Q: Why did you shift from HumanAfter, a Human Resources consulting business that you founded in 2017 to focus on ManAfter?
Laith Saud: It is not a shift in focus, merely embracing the ability for emphasis. Men and women have different needs; they live in different circumstances and face different challenges. I love the work we do at HumanAfter, we do great work and I love working with people, it gives me energy, I’m an extrovert in that sense.
But ManAfter allows me to bring my own personal experiences in helping men overcome challenges they face that are unique to men today.
Q: What are some of these unique challenges?
Laith Saud: I want to be clear, I am not saying that women do not face the exact same challenging circumstances; but context, legal precedent, systemic and cultural forces make those challenges play out differently for men and women.
For example, it is common knowledge that in divorce, men will not usually be the custodial parent; this common arrangement presents challenges for both parents, it is the same circumstances, but it hits different pressure points for both men and women.
Q: What might you have to say to men in that situation?
Laith Saud: For example, the man might be feeling like a failure or that he lost his kids. I coach them into becoming an involved father, even if they are not the custodial parent.
Q: Were you in a similar situation?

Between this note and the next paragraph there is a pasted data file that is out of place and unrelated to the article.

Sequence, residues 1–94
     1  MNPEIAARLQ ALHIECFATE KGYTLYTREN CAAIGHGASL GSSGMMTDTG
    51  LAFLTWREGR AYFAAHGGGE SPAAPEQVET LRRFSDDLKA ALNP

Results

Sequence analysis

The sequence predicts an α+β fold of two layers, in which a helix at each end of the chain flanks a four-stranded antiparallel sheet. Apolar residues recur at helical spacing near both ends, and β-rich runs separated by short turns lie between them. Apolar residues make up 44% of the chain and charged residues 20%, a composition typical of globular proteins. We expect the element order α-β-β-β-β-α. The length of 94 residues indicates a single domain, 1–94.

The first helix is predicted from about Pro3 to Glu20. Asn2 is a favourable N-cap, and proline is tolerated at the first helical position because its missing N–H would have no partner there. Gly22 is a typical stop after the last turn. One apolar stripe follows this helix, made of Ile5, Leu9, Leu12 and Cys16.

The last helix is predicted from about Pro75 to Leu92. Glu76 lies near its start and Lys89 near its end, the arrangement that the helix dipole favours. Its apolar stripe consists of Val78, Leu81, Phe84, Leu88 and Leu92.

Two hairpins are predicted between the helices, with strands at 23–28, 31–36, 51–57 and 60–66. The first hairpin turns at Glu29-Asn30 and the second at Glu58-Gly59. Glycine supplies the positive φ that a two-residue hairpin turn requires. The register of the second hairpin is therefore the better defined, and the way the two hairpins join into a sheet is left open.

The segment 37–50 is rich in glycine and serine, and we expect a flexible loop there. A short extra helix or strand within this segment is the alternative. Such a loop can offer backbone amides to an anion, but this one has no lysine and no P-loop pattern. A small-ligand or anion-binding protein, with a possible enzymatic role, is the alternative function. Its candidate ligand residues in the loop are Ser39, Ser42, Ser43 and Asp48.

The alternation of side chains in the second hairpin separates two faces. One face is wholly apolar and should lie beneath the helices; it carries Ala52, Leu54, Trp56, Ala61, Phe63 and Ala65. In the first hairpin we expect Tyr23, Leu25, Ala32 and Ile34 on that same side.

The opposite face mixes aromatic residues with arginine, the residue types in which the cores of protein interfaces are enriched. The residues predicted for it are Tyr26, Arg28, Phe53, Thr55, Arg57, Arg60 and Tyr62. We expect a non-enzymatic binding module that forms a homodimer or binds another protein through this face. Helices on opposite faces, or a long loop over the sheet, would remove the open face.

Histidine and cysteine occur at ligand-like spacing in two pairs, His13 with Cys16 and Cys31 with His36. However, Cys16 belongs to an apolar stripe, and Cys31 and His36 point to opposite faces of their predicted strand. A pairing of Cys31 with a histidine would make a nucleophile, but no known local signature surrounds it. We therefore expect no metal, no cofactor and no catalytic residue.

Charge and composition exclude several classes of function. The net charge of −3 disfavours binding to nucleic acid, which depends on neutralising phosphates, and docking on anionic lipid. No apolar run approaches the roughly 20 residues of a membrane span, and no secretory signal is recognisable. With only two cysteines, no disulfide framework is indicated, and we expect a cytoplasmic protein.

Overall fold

Laith Saud: Actually I wasn’t, I was the custodial parent and raised my daughter as a single dad.
Q: Is that how you developed you parenting philosophy?
Laith Saud: Absolutely, you have to parent to know how to parent.
Q: If you had to summarize your parent philosophy, what would that summary look like?
Laith Saud: Leadership, parenting is about leadership, it is not about authority. Too many parents, especially from so-called old world cultures, stress their authority in the parenting relationship.
I am not too quick to use the word trauma, but authority based parenting can feel oppressive and oppression can create trauma. I do not agree with Gabor Mate on several things, but I agree with him on the origins of adult difficulty, it begins in childhood. Good parents re-visit their own childhood, take the good, sideline the bad and lead their children into adulthood. Bad parents raise their kids the way they were raised without modification; they do so because of the myth of authority.
Q: What are you working on next?
Laith Saud: I am producing video courses on parenting, college, leadership and some of the things we discussed today. I look forward sharing it.